I really wanted to like The Conjuring. I really did. And it’s not even that I disliked it, which I didn’t, exactly; it’s just that it wasn’t good.
You see, I love horror films. Not, like, the Jason and Freddie movies where everything is dripping in blood and only maybe one babysitter survives or something. I don’t like gore. I can handle gore, but I’m not in it for the gore, you know what I mean?
My type of horror movie is the kind that fucks with your mind and leaves you feeling truly scared. When my friends asked me if The Conjuring was scary, I told them yes but that it wasn’t good scary–it was cheap scary. They then, understandably, wanted to know what I would gauge as a good scary movie and I told them that, honestly, the best (as in scariest–to me) horror film of all time is The Blair Witch Project.
Laugh all you want but it’s the perfect example of what I like in a horror flick. It’s filmed very much as if it could have been real, it doesn’t drag on and make the viewer bored of it and, most importantly, there’s never a reveal. What scares me the most about Blair Witch is that you never actually see the Blair Witch. You never see some CGI fiend or, more likely for 1998, some costumed old lady striking cheap terror with her dead eyes and sharpened fangs. I know that shit’s not real and, even though I jump in fright in the moment, I leave the theater and immediately no longer care.
With Blair Witch, I’m STILL nervous in the woods at night. There was no monster to spoil the realism of the movie and, for that, I’m grateful for a truly horrifying scare.
But back to The Conjuring. This film was well-acted (it stars Vera Farmiga, Patrick Wilson, Lili Taylor, and Ron Livingston). It had a lot of really great, lasting horror movie staples: it’s set in the past with just enough of a “days gone by” chill to make it seem a little gothic; it’s based on a very frightening true story; and it involves the Devil.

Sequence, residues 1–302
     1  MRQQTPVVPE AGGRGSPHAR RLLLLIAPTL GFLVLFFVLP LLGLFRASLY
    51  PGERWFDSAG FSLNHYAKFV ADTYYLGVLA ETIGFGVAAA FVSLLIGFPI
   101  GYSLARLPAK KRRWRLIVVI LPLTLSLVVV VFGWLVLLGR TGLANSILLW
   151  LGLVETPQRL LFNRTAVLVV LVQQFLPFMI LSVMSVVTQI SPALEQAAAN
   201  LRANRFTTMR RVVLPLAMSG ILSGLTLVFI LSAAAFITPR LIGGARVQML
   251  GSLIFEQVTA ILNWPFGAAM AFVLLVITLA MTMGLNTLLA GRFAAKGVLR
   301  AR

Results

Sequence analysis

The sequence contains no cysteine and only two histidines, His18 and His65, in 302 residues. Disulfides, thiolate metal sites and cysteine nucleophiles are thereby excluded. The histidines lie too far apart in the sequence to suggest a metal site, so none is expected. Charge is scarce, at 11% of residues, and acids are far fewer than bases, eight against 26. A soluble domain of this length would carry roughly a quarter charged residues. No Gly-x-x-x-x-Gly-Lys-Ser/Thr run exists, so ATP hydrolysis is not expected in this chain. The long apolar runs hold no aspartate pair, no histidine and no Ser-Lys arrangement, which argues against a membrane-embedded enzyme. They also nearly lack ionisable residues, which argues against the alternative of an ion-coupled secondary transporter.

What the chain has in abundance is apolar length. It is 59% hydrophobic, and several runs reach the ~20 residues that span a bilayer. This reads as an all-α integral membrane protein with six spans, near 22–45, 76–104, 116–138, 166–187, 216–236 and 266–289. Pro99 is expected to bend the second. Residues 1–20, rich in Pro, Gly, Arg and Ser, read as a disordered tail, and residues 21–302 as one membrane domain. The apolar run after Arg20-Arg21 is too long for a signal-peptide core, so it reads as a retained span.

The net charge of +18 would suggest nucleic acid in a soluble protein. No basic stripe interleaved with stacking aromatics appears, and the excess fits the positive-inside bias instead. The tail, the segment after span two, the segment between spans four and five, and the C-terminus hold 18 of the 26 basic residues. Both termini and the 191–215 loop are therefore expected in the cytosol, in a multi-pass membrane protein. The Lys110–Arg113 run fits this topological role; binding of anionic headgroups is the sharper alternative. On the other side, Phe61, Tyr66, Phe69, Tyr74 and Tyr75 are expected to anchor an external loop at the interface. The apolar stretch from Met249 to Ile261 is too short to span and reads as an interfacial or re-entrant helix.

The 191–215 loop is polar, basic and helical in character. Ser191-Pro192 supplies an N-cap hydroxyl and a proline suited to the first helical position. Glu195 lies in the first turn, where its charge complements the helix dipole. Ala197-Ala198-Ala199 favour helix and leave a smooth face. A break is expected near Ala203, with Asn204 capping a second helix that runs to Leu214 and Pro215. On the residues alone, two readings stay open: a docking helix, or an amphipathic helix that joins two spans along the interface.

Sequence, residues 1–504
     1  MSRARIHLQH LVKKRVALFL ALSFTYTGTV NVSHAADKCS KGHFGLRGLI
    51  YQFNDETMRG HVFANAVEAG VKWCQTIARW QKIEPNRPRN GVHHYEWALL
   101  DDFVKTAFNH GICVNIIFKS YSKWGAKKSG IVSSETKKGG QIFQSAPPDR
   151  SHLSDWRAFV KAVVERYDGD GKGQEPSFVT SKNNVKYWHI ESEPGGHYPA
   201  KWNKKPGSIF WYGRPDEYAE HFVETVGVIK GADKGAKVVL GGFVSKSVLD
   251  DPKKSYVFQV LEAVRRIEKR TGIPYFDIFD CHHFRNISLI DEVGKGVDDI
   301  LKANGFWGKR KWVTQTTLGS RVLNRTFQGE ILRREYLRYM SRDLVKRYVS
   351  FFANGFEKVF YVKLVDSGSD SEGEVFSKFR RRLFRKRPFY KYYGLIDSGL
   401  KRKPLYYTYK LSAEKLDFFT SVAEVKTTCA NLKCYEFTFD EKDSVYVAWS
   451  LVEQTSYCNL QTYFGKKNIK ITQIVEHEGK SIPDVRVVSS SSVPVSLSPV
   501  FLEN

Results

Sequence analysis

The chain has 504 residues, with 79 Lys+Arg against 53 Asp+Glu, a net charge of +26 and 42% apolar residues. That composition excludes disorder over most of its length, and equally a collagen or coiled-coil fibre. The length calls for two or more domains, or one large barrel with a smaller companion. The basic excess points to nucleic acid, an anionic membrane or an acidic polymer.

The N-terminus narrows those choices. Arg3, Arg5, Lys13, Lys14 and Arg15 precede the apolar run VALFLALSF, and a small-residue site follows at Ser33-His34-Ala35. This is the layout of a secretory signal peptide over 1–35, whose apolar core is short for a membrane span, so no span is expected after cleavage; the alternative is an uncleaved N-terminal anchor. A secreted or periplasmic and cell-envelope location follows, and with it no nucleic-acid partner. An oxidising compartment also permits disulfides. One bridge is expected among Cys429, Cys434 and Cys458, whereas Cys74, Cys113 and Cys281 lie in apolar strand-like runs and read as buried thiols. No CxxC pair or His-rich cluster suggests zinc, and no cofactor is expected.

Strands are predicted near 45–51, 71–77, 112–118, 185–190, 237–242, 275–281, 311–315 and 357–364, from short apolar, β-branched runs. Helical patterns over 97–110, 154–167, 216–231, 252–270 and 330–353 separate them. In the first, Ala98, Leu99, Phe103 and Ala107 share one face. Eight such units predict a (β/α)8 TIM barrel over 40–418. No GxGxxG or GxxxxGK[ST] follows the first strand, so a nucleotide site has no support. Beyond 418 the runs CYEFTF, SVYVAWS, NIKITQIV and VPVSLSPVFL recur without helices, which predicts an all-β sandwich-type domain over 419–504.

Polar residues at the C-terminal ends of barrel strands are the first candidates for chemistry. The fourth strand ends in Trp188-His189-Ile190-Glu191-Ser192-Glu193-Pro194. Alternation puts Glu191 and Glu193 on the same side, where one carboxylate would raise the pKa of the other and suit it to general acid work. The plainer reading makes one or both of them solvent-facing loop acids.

Maybe I’m just super Catholic but, when there’s the possibility of possession, stigmata, exorcism, or anything else involving Satan, I get pretty nervous–in an weirdly interested sort of way. So I went into The Conjuring thinking that this could be a really creepy movie full of freaky levitation, doors slamming, pictures crashing to the floor, and all other manner of devilish antics that leave these types of films’ token non-believing characters skeptical because there isn’t some monster hiding in the closet to prove them wrong.
All of these tropes were realized onscreen but, to my disappointment, director James Wan couldn’t resist dozens of revealing scenes featuring rotting corpses, disembodied limbs, and now-you-see-me-now-you-don’t ghostly figures wandering the halls of the Perron family’s haunted home.
The Conjuring is a movie that will satisfying your primal need to feel fear but it won’t be one that you remember. It will make you squirm in your seat and cover your eyes (I sure did) but it won’t resonate as a piece of art. Maybe I’m a loser for preferring the chilling suspense of Misery to the slashing scythes of Scream, but I would go into The Conjuring with the expectations of a cookie-cutter horror flick and nothing more.
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